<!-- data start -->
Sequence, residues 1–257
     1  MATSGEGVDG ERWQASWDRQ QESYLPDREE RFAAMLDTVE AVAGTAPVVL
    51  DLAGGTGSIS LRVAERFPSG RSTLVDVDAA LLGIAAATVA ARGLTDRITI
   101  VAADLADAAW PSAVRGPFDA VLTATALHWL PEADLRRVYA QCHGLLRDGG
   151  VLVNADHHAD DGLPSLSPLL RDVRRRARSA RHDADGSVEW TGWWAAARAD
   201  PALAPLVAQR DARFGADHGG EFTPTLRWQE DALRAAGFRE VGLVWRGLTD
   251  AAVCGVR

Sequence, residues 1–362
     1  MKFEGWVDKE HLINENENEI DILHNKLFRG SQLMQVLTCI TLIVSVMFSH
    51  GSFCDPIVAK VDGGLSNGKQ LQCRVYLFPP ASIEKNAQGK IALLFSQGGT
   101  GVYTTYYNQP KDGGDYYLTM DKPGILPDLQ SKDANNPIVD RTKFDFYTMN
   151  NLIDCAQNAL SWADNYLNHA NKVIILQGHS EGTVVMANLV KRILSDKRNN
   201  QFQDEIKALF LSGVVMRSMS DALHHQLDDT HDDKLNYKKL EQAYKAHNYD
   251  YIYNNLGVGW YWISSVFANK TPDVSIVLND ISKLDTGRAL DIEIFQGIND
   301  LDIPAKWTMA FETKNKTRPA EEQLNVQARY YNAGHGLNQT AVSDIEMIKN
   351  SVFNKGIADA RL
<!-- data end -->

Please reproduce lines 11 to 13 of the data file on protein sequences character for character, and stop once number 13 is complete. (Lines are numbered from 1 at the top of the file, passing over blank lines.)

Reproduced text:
   101  GVYTTYYNQP KDGGDYYLTM DKPGILPDLQ SKDANNPIVD RTKFDFYTMN
   151  NLIDCAQNAL SWADNYLNHA NKVIILQGHS EGTVVMANLV KRILSDKRNN
   201  QFQDEIKALF LSGVVMRSMS DALHHQLDDT HDDKLNYKKL EQAYKAHNYD